RE: 'A nightmare for college athletics'
(02-21-2020 06:29 PM)bullet Wrote:  
(02-21-2020 04:23 PM)Attackcoog Wrote:  
(02-21-2020 02:45 PM)chester Wrote:  On the subject of both NIL and antitrust, yesterday both sides in Alston vs NCAA filed court-ordered briefs explaining "what impact, if any" California's new law has on the case. Via Sportsgeekonomics:

Defendants

Plaintiffs

I admit I only skimmed the submissions, but I think caving to NIL may have severely undermined the NCAA case. They may have really stepped in it here—through I’m not sure they had many alternatives. Hard for me to see how this judge is going to be able to allow anything less than full on free agency if the NCAA undermines the Judges prior ruling by allowing NIL compensation over and above educational related compensation.

The only defense the NCAA seems to raise in their submission is that this occurred after the trial record closed so it shouldn’t be considered. That’s not much of a defense.

NCAA was selling posters with players' likenesses. There's just no way to justify that. With NIL they are letting them do those things. Its totally different legally. Although it is a bit of the camel's nose in the tent politically.

Oh I agree---lol---That NIL train was leaving the station with or without them----Im just saying that it may end up having far bigger ramifications if the judge gives the plaintiffs what they want (full free agency). Honestly, I dont know how she got to the ruling she made since she admitted that the NCAA was in violation of antitrust laws by capping compensation. Then in her ruling---she simply set a new--slightly higher---compensation cap that said all compensation had to be "limited only to educational benefit".

Now that the NCAA has all but given into NIL----that "educational only benefit" firewall has been quickly and effectively breached. I dont think she really wants to destroy college sports----but I think she may now be backed into a corner where she has no choice but to grant full free agency---even though I think she realizes doing so would likely destroy the vast majority of educational opportunities for college athletes. The law is the law.
(This post was last modified: 02-21-2020 07:32 PM by Attackcoog.)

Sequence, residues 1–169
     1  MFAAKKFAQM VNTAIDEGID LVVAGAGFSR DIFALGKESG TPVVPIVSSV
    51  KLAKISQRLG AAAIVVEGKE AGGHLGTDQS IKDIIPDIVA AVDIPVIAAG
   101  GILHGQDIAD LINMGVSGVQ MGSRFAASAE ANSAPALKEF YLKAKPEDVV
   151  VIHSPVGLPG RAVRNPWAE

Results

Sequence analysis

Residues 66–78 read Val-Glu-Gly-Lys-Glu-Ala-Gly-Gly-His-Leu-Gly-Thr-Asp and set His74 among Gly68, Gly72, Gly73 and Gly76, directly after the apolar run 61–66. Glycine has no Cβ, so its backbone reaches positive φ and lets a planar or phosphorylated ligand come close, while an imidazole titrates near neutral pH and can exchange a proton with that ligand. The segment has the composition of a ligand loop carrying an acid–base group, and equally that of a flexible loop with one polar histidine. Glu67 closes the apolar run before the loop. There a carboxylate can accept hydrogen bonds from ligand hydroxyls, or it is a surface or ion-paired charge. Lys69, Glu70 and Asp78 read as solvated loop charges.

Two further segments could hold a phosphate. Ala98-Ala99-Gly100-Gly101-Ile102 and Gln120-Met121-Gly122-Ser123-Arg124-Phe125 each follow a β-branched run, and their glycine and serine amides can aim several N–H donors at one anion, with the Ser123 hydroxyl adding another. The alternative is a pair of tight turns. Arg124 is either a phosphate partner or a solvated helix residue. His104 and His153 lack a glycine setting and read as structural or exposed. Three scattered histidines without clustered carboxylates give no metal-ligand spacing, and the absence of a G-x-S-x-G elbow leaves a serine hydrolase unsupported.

02-21-2020 07:30 PM
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Post: #151
RE: 'A nightmare for college athletics'
Here is some more analysis on the actual filings. Sounds like he thinks the 9th will rule for the plaintiffs. While I agree with most of what he says---I do disagree that the past claims that the NCAA has made about the sport being hurt by court rulings are false. Its pretty clear that overexposure on TV is eating into attendance. And frankly, pro issues (outrageous contract demands, hold outs, buying championships, lack of player loyalty, even strikes) are absolutely going erode the sports support and fan base. Its also shows a complete lack of understanding of the sports current structure if anyone thinks a change to free agency isnt going to destroy massive swaths of college sports. There is a reason Wilkins ruled the way she did---she knows free agency is the correct ruling per the law. She also understands free agency will only benefit a few hundred athletes while wiping out the vast majority of the athletic educational opportunities that the vast majority of college athletes rely on.

https://advocacyforfairnessinsports.org/...-campaign/
(This post was last modified: 02-21-2020 08:37 PM by Attackcoog.)
02-21-2020 08:26 PM
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Post: #152
RE: 'A nightmare for college athletics'
(02-21-2020 06:16 PM)chester Wrote:  
(02-21-2020 05:58 PM)quo vadis Wrote:  
(02-21-2020 04:23 PM)Attackcoog Wrote:  
(02-21-2020 02:45 PM)chester Wrote:  On the subject of both NIL and antitrust, yesterday both sides in Alston vs NCAA filed court-ordered briefs explaining "what impact, if any" California's new law has on the case. Via Sportsgeekonomics:

Defendants